The Economist reports that the UK Boris Johnson Government is desperately seeking to emulate Australia’s ‘skilled’ immigration system:
As Britain and Australia begin negotiations on a trade deal, the Tories are in the grip of Ozophilia. Boris Johnson, who picked up a pair of skimpy shorts and a widened vocabulary on his gap year at Geelong grammar school, holds Australia up as a model of prosperity outside the European Union. The government is creating an “Australian-style” immigration system, which will discriminate by skills and qualifications. The prime minister has even attempted to rebrand an ugly no-deal exit from the eu as an “Australian” deal…
Australia’s modern points-based immigration system is a hit with British focus groups partly because so many participants have relatives who moved there, says Jill Rutter of British Future, a think-tank specialising in migration. “Wanted Down Under”, a popular daytime television show, features would-be emigrants exploring the Australian labour market. A recent tourism ad featuring Kylie Minogue was described as “a little bit of escapism” for Brexit-weary Brits.
Wow, it’s amazing how wonderful things can look in the hazy distance. Here’s the truth of it.
Let’s first consider the Australia’s permanent migrant system, which is currently set at 160,000 non-humanitarian places and around 16,000 humanitarian places; although neither of these targets will be hit given COVID-19:
Within this 176,000 strong permanent target are 109,000 places under the ‘skilled stream’, which is where the superficial claim that Australia’s immigration program is skills-based comes from.
Digging deeper into these figures reveals a permanent migrant program that is, in fact, mostly unskilled.
First, as noted in the Productivity Commission’s 2016 Migrant Intake into Australia report, half of the skilled stream comprises the family members of the primary skilled migrants:
…within the skill stream, about half of the visas granted were for ‘secondary applicants’ — partners (who may or may not be skilled) and dependent children… Therefore, while the skill stream has increased relative to the family stream, family immigrants from the skill and family stream still make up about 70 per cent of the Migration Programme (figure 2.8)…
Primary applicants tend to have a better fiscal outcome than secondary applicants — the current system does not consider the age or skills of secondary applicants as part of the criteria for granting permanent skill visas…
Second, the median pay of Australia’s permanent migrants is actually well below the population average, whereas unemployment is higher, according to the Department of Home Affairs’ Continuous Survey of Migrants:
As shown above:
- The median annual full-time earnings of migrants was $16,500 (22%) below the general population in 2017;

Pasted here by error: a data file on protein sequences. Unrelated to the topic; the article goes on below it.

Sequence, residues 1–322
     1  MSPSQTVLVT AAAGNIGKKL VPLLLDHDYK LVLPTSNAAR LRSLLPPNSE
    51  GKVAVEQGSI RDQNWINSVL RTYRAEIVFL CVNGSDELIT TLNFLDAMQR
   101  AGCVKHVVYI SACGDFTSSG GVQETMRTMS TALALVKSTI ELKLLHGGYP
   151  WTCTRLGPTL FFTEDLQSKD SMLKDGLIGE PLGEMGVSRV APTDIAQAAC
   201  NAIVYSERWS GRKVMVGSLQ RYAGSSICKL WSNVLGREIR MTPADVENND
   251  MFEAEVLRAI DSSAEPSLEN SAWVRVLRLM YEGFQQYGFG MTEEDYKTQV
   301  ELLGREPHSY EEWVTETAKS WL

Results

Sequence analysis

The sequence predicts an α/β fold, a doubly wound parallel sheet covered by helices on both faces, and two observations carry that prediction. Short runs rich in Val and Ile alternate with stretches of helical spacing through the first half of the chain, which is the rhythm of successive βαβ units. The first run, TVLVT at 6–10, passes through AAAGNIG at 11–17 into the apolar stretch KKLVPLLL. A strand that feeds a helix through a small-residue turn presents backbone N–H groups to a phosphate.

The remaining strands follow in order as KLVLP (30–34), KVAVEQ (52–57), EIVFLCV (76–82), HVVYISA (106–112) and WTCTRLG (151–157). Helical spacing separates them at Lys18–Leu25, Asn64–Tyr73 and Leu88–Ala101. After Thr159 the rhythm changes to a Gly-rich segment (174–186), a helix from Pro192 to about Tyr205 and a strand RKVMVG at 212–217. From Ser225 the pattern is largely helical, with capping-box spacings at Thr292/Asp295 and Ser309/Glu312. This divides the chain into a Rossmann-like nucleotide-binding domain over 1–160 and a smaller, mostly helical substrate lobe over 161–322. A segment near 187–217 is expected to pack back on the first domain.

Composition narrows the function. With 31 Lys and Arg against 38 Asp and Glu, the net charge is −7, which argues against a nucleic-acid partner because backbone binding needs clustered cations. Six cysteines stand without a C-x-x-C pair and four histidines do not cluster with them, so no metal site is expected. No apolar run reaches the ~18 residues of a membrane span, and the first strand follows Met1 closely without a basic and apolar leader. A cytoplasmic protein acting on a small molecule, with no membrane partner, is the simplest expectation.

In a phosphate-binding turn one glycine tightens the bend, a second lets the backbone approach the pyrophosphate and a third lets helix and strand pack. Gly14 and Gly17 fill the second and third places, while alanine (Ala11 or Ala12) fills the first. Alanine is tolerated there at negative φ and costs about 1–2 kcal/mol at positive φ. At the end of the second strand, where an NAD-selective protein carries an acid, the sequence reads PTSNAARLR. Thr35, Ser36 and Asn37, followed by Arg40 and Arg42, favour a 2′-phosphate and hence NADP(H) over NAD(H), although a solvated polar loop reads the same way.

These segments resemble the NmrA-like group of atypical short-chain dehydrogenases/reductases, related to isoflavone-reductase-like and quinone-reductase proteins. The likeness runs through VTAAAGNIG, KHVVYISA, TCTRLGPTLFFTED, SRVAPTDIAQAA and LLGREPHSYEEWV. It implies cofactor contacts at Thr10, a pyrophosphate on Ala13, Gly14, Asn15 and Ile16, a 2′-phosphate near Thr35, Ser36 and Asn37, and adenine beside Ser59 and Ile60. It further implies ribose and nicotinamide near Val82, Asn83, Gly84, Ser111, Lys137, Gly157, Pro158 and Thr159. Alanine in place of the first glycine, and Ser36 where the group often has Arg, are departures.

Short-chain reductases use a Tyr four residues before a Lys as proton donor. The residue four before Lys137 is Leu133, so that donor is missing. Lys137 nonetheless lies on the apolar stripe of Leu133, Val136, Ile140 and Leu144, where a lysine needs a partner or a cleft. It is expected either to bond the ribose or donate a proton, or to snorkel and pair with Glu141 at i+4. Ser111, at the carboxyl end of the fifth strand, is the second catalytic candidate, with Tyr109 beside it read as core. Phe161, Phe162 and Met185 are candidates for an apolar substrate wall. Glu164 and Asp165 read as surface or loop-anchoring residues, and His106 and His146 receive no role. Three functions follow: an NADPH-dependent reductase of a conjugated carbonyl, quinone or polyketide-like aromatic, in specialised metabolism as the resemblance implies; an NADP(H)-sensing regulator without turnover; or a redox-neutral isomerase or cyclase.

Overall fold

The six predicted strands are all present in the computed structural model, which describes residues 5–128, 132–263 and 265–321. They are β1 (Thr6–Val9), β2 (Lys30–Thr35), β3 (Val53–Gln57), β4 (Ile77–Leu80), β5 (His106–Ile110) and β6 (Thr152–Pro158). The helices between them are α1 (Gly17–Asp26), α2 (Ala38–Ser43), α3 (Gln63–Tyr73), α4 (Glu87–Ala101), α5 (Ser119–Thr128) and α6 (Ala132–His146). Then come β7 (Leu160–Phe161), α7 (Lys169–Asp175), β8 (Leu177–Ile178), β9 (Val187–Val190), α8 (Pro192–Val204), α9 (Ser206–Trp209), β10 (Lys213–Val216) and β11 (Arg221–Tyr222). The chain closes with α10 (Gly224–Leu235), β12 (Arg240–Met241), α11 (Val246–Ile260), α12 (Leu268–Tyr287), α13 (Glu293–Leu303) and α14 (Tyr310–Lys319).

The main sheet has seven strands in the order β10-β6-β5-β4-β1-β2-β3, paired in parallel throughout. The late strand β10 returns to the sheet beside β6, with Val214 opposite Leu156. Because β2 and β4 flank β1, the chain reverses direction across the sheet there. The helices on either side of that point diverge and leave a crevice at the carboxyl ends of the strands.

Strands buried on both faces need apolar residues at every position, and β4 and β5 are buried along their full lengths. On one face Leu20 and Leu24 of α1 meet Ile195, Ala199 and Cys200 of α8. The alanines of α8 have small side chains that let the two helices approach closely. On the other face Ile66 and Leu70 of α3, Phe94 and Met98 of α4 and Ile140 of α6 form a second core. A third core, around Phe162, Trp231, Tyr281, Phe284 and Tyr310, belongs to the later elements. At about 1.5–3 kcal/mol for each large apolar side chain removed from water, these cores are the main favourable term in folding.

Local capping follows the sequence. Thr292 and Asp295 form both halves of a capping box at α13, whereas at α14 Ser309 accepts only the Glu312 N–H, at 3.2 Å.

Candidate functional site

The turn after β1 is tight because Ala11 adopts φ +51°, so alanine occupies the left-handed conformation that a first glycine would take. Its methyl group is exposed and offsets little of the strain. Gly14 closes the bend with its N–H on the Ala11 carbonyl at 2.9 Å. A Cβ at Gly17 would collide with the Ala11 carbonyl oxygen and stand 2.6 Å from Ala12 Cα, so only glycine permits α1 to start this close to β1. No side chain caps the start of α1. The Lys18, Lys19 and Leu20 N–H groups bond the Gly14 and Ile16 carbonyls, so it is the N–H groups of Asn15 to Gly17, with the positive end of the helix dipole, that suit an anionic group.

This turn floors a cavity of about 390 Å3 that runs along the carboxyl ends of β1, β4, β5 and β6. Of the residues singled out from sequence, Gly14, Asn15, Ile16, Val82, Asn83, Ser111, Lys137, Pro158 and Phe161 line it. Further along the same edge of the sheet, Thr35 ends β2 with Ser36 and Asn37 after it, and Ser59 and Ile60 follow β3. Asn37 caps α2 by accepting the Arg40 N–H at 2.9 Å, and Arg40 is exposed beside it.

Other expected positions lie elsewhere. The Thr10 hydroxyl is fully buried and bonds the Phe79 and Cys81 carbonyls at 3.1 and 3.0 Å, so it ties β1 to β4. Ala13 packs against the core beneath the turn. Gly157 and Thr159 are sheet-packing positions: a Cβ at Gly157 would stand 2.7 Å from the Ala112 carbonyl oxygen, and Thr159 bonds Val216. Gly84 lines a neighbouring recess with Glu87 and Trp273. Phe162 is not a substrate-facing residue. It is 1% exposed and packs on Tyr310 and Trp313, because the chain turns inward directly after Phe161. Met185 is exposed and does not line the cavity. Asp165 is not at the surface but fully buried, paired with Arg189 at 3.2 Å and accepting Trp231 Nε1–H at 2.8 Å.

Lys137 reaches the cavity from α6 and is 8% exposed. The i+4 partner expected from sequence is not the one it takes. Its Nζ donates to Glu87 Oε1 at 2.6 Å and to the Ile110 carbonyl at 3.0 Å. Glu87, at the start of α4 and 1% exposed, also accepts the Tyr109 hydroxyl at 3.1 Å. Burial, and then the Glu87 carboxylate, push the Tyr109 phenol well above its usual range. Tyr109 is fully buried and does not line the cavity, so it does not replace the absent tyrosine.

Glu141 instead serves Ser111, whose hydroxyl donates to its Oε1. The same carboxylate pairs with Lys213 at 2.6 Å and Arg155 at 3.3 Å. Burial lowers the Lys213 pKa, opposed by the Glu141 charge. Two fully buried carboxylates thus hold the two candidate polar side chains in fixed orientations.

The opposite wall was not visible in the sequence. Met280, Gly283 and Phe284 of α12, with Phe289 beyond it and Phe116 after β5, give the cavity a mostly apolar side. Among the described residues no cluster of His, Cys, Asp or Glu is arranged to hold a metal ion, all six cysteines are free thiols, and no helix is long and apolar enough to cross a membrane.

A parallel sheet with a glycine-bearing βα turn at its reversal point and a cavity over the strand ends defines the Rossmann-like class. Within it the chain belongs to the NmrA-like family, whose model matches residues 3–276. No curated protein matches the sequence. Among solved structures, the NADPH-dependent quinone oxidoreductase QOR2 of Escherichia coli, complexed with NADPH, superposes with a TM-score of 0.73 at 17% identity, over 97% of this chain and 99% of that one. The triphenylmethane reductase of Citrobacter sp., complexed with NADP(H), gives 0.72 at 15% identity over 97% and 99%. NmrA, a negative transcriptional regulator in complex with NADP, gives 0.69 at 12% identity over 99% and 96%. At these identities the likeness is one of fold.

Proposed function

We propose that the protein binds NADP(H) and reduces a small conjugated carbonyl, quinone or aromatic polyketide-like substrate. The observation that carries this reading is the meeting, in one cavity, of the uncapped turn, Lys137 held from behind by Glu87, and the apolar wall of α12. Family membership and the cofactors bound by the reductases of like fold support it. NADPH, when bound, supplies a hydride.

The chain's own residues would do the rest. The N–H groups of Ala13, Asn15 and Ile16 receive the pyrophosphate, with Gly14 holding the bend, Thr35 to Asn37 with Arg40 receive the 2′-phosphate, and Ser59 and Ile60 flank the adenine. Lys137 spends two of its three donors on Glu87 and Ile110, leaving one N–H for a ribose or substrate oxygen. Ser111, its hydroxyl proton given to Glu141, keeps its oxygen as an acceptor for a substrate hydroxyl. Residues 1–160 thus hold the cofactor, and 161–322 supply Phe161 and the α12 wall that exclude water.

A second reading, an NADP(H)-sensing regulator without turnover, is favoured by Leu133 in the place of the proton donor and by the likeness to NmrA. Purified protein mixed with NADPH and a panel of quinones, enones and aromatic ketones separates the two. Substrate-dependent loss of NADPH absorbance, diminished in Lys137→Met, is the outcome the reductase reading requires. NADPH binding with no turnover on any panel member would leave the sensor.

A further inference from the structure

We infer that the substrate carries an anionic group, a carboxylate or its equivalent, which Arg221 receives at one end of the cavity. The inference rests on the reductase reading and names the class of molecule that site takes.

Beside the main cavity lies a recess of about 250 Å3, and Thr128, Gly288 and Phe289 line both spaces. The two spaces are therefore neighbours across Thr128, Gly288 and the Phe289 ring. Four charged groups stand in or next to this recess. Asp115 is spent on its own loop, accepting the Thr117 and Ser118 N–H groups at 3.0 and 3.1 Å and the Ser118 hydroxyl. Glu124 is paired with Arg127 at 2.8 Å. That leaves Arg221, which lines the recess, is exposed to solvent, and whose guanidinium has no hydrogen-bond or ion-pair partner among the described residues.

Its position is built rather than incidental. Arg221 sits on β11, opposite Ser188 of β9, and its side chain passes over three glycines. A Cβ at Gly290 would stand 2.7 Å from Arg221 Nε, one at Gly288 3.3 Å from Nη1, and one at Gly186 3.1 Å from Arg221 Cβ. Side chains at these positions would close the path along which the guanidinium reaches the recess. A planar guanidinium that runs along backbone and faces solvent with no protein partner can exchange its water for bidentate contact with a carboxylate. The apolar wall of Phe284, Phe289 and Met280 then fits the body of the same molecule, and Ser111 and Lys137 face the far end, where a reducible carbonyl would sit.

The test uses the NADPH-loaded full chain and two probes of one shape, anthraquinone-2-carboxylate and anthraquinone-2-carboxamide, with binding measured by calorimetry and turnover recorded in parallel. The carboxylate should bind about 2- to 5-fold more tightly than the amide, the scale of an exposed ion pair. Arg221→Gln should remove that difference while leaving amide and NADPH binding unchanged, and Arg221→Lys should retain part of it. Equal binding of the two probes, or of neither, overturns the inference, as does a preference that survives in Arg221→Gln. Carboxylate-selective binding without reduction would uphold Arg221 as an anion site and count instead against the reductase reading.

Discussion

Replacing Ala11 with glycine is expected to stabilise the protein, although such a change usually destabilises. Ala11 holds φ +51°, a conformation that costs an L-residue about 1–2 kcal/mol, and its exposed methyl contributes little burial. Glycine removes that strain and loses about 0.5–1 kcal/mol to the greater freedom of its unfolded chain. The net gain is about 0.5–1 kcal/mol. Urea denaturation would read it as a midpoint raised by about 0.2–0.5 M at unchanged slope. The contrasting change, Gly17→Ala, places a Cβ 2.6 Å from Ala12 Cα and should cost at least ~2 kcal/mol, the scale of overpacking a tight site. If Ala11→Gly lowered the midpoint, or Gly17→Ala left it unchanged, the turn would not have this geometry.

- The median annual earnings of migrants was $5,900 (10.2%) below the general population in 2017; and
- The unemployment rate of surveyed migrants (12.6%) was more than double the general population (5.5%) in 2017.
Even if we focus on the skilled stream only, both median earnings and unemployment is far worse than the general population:
According to the ABS’ Characteristics of Recent Migrants, November 2019 survey, migrant unemployment is also far higher than the Australian born population:
As shown above, 6.6% of recent migrants were unemployed as at November 2019, versus only 4.7% of Australian born persons.
The story is no better for Temporary Skills Shortage (TSS) visas. The Temporary Skilled Migration Income Threshold (TSMIT) has been frozen at the ludicrously low level of $53,900 since 2013-14. This is $3,300 (6%) below the median income of all Australians ($57,200), which includes unskilled workers, according to the ABS:
Thus, the TSMIT has also incentivised employers to hire cheap migrants instead of local workers, as well as abrogated the need to provide training.
These are shocking results. Skilled migrants are purported to be highly qualified and brought into Australia to overcome ‘skills shortages’.
These ‘skilled’ migrants should, therefore, be paid well above the general population, which comprises both skilled and unskilled workers, as well as have very low unemployment.
The fact that ‘skilled’ migrants are paid less, and suffer higher unemployment, is a damning indictment of Australia’s purported ‘skilled’ immigration system, and is bonafide proof that it is undercutting local workers.
Australia is not running a skilled migration system, but a defacto low-skilled system that is depressing wages, crush-loading cities, and eroding overall amenity for existing residents.
Australia’s immigration system needs fundamental reform, not lauding and emulation from uninformed overseas observers like the Johnson Government.
Before COVID-19 hit, the UK economy was enjoying a long period of strong wage growth, brought about in part by lower immigration arising from Brexit:
Copying Australia’s faux ‘skilled’ immigration system, and importing large numbers of low-paid foreign workers to compete against locals, would only erode UK workers’ bargaining power and suppress wages.